Last Friday we began our afternoon staff meeting with our customary check-in. This is a ritual in which each person in the circle shares about something happening in his or her life, in or outside of school.
Tom, our 8th-grade humanities teacher, announced that he was both excited and nervous because he was getting his engagement photos taken the next day. This generated ooohs and ahhhs and some good-natured ribbing about what Tom might wear for the photos.
People who are new to our school often find our sharing tradition surprising. Taking precious minutes from our limited meeting time to talk about someone’s sick cat or someone else’s plan to go to a Red Sox game can seem questionable; after all, we have plenty to talk about that is directly related to student learning. But these moments of authentic personal interaction among our staff go a very long way to help us better serve our students.
One of the Developmental Designs principles is “Trust among adults is a fundamental necessity for academic and social success in a learning community.”
For as long as I have been at Paul Cuffee School, the administrators have fostered the adult relationships that we carry close to our hearts as we serve our students each day. We meet in a circle, so we are all equal, and everyone is expected to contribute and to listen. We share and we play games together, and we acknowledge each other in informal but very meaningful ways. Our staff has developed an adult Social Contract in the same way we create the rules with our students. Our principal does not merely assume that the staff will all just get along without any thoughtful planning, any more than we assume our students will be able to manage that.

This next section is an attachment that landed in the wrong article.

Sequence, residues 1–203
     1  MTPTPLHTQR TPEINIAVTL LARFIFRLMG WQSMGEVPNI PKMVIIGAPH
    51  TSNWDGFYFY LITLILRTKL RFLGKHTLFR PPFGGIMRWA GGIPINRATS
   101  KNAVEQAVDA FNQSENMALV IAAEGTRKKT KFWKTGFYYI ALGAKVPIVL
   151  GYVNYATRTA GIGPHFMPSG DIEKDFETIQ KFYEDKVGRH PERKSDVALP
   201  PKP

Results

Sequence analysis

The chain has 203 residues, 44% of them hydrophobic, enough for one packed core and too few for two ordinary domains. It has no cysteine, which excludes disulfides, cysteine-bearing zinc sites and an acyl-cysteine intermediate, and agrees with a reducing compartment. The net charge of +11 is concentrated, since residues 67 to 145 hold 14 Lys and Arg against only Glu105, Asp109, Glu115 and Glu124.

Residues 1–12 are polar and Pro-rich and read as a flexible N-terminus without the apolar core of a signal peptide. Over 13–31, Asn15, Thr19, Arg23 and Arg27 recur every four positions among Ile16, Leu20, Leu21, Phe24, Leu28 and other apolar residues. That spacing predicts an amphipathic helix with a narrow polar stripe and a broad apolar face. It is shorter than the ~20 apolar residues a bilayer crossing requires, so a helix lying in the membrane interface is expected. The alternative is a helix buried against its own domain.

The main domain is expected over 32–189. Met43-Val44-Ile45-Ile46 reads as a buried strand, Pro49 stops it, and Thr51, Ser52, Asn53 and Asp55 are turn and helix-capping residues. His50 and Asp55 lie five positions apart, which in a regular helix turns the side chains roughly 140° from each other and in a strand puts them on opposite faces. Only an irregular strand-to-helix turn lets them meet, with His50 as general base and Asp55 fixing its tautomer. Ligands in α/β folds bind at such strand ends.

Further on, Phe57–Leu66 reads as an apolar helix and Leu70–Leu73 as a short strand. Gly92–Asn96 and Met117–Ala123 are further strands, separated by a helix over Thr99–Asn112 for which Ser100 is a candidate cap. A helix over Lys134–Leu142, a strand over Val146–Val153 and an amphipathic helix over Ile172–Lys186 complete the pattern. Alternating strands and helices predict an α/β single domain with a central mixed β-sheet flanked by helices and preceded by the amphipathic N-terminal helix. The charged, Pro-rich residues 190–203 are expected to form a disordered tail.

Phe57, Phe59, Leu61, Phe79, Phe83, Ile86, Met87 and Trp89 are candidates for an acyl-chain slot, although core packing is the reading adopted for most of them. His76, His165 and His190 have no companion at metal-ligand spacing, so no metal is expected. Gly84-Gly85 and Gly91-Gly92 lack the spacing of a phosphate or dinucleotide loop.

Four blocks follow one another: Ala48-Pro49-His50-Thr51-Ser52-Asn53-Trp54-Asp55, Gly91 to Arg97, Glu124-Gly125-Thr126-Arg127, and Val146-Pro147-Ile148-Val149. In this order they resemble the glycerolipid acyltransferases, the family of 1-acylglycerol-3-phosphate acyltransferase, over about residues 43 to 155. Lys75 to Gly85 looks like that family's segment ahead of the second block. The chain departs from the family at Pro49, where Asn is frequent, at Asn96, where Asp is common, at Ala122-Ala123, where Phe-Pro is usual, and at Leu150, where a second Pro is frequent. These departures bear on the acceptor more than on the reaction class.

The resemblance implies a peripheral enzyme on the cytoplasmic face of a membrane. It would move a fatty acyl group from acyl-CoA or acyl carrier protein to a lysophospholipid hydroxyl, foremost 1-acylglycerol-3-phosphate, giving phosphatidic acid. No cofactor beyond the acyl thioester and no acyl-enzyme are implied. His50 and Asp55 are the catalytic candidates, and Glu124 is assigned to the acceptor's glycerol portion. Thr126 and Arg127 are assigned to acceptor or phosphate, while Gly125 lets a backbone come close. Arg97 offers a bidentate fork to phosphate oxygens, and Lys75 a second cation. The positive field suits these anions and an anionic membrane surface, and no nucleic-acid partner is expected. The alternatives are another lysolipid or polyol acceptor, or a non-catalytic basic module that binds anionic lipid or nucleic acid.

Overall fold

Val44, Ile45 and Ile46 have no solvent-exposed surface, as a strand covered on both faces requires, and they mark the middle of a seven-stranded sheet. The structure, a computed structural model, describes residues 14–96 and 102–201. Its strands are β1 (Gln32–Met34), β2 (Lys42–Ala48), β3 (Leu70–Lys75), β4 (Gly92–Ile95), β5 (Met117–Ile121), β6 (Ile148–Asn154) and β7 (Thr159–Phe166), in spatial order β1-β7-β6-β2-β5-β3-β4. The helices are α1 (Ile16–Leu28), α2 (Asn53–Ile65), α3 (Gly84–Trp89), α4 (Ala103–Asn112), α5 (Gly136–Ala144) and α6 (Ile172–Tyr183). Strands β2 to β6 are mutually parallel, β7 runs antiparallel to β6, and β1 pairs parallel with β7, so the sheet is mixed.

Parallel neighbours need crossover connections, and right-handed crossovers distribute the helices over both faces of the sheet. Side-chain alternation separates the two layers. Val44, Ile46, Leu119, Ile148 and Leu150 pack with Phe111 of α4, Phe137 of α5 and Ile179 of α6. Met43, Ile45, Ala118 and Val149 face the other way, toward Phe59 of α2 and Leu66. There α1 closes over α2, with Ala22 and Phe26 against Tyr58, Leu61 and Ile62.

I believe that our positive relationships have a trickle-down effect for our students. Administrator-faculty, faculty-staff, faculty-faculty, and faculty-student interactions all have a major impact on student-student relations, which are at the heart of any school culture. A negative staff dynamic quickly oozes out into the general culture.
If you are looking to improve student culture, begin by taking an honest look at your school’s adult culture. Cooperative and positive teachers who truly know one another are very likely to work in unison to create a school full of students with those very same qualities.
Eric Charlesworth is a sixth-grade mathematics teacher and advisor at Paul Cuffee Charter School in Providence, Rhode Island. Recently, he obtained principal certification. He has practiced the Developmental Designs approach in middle school for eight years.
Posted March 2014